2. Clean up all the garbage, debris and yard waste ready for disposal – don’t wait any longer to get rid of this now, rats are already on their way with families sending scout groups to find their next rung on the property ladder.
3. Bird tables are notorious for attracting pests – if you have one and it eventually attracts them, you may need to remove it altogether so there is no food source. Meanwhile, regularly, daily if necessary, clean up and spill seed – late afternoon when birds have finished feeding would be best. Also make sure your bird table is in an open area, away from bushes, fences and walls – rats are expert climbers and will jump onto it from a nearby tree if they can.
4. Make sure there are no places where rats can easily hide. Does your shed or garage door close properly? Are there gaps? Consider installing a metal bumper on doors to prevent gnawing and make sure to fill and cover any gaps. Tiny young rats can squeeze through rather small holes.
5. Protect pet food – many people store bags of pet food in a shed, and anything edible should be kept in a container or bucket with a lid. Ideally metal, as hungry rats have an amazing sense of smell to detect this and have been known to chew through plastic containers to get to food. I’ve even seen them gnaw the lids of buckets of commercial rat poison in a farm store shed—quite ironically.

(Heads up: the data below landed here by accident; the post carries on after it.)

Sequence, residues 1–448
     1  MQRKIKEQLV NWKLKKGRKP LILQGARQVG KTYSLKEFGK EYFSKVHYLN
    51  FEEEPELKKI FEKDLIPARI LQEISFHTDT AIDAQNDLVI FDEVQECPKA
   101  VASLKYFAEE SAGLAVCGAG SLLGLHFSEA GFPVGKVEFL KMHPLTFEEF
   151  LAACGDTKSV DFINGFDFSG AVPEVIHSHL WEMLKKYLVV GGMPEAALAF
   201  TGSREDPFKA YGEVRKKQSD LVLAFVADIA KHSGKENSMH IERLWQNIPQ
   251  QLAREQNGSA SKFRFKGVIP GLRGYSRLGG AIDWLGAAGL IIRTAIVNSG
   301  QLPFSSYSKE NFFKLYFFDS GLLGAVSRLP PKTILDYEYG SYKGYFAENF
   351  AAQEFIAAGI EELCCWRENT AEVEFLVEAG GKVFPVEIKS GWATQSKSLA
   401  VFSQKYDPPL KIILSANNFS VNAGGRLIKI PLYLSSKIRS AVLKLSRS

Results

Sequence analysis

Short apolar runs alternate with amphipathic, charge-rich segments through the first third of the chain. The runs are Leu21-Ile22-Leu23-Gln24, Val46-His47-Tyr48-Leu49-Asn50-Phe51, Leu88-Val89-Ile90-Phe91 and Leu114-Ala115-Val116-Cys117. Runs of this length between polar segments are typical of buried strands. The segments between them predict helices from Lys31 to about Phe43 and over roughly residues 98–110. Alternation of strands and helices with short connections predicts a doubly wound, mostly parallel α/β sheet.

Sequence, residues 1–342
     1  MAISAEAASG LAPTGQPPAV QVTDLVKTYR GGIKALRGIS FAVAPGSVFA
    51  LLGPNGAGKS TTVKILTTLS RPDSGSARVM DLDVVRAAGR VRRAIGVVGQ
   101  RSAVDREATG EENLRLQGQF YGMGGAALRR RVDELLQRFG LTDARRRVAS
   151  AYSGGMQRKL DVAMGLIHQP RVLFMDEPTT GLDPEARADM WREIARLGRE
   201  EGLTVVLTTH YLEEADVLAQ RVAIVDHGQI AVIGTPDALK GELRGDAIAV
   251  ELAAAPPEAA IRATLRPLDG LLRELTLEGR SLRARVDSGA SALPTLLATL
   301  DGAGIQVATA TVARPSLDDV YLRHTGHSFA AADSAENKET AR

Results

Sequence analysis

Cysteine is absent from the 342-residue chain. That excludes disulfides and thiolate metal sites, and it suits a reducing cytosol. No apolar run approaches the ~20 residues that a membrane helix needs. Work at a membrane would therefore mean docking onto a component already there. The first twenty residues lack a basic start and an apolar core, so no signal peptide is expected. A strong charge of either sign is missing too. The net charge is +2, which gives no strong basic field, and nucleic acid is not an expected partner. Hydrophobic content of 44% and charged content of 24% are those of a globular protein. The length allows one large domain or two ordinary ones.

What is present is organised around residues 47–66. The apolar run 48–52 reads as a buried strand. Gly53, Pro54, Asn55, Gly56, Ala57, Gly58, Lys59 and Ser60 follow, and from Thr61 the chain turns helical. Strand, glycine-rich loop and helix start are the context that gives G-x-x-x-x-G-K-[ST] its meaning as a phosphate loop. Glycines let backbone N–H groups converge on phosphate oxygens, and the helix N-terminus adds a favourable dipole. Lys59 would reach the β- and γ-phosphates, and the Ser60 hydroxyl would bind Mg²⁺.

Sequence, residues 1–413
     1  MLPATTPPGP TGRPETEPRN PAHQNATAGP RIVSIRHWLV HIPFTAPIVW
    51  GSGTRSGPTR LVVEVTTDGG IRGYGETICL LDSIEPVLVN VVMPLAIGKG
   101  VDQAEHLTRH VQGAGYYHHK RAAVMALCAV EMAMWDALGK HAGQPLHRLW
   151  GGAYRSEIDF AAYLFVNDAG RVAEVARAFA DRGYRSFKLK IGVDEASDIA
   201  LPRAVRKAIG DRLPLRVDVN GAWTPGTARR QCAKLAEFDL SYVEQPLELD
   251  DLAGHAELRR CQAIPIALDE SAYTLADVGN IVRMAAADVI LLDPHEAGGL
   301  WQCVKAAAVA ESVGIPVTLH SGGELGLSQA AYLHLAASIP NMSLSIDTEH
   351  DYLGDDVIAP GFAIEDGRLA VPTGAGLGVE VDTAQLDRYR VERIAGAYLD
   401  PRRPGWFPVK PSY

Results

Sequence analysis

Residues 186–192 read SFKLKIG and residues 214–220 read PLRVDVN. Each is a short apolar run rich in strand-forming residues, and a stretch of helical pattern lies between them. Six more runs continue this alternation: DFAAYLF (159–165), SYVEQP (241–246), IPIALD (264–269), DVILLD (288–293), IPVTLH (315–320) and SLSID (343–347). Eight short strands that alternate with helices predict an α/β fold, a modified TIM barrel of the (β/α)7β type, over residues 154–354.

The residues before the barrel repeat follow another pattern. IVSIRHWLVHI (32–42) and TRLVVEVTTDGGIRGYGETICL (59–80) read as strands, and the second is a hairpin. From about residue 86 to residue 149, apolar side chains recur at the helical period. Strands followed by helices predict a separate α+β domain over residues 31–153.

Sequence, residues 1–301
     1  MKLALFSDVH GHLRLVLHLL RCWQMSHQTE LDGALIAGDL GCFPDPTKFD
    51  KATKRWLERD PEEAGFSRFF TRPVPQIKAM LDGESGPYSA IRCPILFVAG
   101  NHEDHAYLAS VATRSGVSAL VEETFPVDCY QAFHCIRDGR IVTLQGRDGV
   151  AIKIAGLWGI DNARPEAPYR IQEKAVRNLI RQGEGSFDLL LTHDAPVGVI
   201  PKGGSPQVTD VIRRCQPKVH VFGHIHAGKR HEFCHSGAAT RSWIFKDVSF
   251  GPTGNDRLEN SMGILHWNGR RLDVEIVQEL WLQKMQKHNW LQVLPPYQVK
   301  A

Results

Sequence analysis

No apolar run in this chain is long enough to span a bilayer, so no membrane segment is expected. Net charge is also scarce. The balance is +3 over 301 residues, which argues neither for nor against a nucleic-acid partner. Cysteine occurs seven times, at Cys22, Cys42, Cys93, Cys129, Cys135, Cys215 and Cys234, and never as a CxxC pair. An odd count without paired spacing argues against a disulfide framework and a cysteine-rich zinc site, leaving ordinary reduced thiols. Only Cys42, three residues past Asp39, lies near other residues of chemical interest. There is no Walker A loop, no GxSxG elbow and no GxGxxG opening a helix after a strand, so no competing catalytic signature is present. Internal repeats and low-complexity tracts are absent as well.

6. Check that all drain grates are intact and that all drains are covered, replace urgently if necessary. Also look around the perimeter of your home and check for any air stones or potential weak points to get in – take immediate action and make any repairs or replace any grates that require it.
7. Rats also need a water source, so if you have another dripping garden tap, rain barrel or clogged drain, get it now.
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8. Do you have a compost pile? Spin it, don’t put food scraps on it and keep it wet – otherwise the rats could see your cozy compost pile as a new 5 star hotel with room service. It’s also worth thinking about embedding chicken wire to make it less permeable.
9. If you have a cold box or greenhouse, make sure there aren’t piles of pots and trays languishing under the benches – these would provide perfect shelter and a fun little maze for rats to hang out in.
10. Put preventative odors around the perimeter of sheds and your home – rats shouldn’t be allowed to pass strong odors like garlic powder – which can be purchased online in bulk buckets or white vinegar. Apply generously around and sensitive areas.
Finally, with these Ultra rats around, you may just want to be prepared and invest in conventional traps and bait in case the invasion hits your yard and property – they’d be nothing worse than a local pest infesting your precious plants, garden. attack or shed – or worse – and find stores that sell out of what you need.